The electric eel's two-meter long body is packed with specialized cells that can generate their own electricity, and deliver shocks of up to 600 volts. That's more than enough to stun the small fish and invertebrates that the eel typically eats. It's even enough to incapacitate a human or a horse (although contra The Amazing Spider-Man 2, it will not give you superpowers.)

Despite their intensity, these shocks are not blunt instruments. Kenneth Catania from Vanderbilt University has shown that the eel's high-voltage discharges are immensely subtle weapons with at least three distinct functions. They force prey to twitch and so reveal their presence. They then paralyze the victims by causing all their muscles to contract. And they monitor the movements of these stiffened, floating mouthfuls. The electric eel is a battery, Taser, remote control, and tracking device, all in one.

Despite its name, the electric eel is not an eel at all, but a knifefish—one of several South American fish that are closely related to carp and catfish, and that specialize in producing electric fields. Most members only produce weak fields, which they use to find their way through murky water, and to identify and communicate with their peers.

The electric eel shares these abilities, but supplements them with much stronger discharges produced by separate organs. These have made it a mainstay of urban legend, pulp fiction, and scientific studies. In the 19th century, Michael Faraday got his hands on electric eels to understand the role that electricity plays in the nervous system. I mean that literally: He would sometimes test the eel's ability by touching it with his bare hands. “The shock of this animal was very powerful when the hands were placed in a favourable position, i.e. one on the body near the head, and the other near the tail,” he wrote.

Two centuries on, and scientists are a little more circumspect. When Catania started studying the eels, he used thick rubber gloves.

Catania is a rarity: a neurobiologist who specializes in single-handedly uncovering the secrets of unusual and amazing animals. In a century dominated by big, collaborative science, Catania stands out for a string of single-author papers in top-tier scientific journals. He showed how star-nosed moles smell underwater by blowing bubbles. He discovered how tentacled snakes force fish to swim into their mouths. He showed how humans, those weirdest of all animals, mimic moles to harvest worms. And last year, he showed that the electric eel's lethal pulses are even more shocking (sorry) than anyone had thought.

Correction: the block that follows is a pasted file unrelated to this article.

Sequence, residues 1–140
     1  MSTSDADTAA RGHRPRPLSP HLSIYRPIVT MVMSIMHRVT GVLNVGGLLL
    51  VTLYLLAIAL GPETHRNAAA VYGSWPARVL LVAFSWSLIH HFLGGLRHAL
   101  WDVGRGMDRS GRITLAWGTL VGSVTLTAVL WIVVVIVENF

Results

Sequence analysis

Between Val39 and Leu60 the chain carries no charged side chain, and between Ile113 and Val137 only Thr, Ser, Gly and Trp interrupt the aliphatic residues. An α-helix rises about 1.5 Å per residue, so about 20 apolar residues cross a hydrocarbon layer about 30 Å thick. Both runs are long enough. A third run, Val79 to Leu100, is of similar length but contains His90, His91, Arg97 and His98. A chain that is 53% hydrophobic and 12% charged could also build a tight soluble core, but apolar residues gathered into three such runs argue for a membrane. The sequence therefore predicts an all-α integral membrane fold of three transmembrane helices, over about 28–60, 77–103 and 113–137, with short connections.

When the eels approach their prey, they release around 400 high-voltage pulses every second. Catania discovered that the pulses act like a wireless Taser: They stimulate the neurons that feed into a fish's muscles, forcing those muscles to contract. This paralyzes the fish, allowing the eel to swallow it with a fast strike.

When they hunt, the eels release simple pairs of quick pulses, of a kind that trigger exceptionally strong muscle contractions. Even if fish are hiding, these doublet pulses compel them to reveal their location through uncontrollable twitches, which the eels sense. “This is one of the most amazing things I’ve encountered in studying animals, and I’ve seen a lot of unusual things,” Catania told me at the time.

Since then, Catania has discovered that the eel's high-voltage pulse isn't just a weapon—it's also a tracking system. Since animals naturally conduct electricity, the eels can use feedback from its pulses to sense the location of its immobilized prey.

Catania proved this by providing captive eels with lobotomized and anesthetized fish, whose movements he could control. Typically, the eels would release their doublet pulses, Catania would twitch his zombie fish, and the eels would strike. But when Catania insulated the fish in plastic bags, the eels became oddly ineffective and non-committal. They still struck in the direction of a twitch, but they usually aborted their attacks halfway through.

That changed when Catania put a conductive carbon rod into the water. Now, the twitching fish once again provoked a violent strike—but the eels would aim for the rod instead. The eels would even single out the conductive rod when it was surrounded by six plastic non-conductive ones. They could accurately track a small moving conductor that was spinning about on a rotating disk and surrounded by plastic ones. And they proved to be incredible fast and flexible: Even if the disk reversed its spin, the eels could change direction mid-strike.

This suggests that they use their high-voltage pulses to track the movements of their prey. This might seem absurd since those same pulses also paralyze small animals, but the immobilized victims can still drift through the water, especially if they had started escaping before the eel shocked them.

“To my knowledge, this is the first example of an animal generating a signal that simultaneously serves as a weapon and as a carrier for sensory imaging,” says Bruce Carlson from Washington University in St Louis. Until now, scientists had assumed that the eel uses its weak discharges for communication and navigation, and its strong ones for offense and defense—two sets of entirely separate functions. But this new study shows that the strong ones enable a form of navigation, too.

And at least one eel uses them to communicate: Miguel Wattson (@EelectricMiguel) at the Tennessee Aquarium sends a tweet whenever he emits a strong discharge.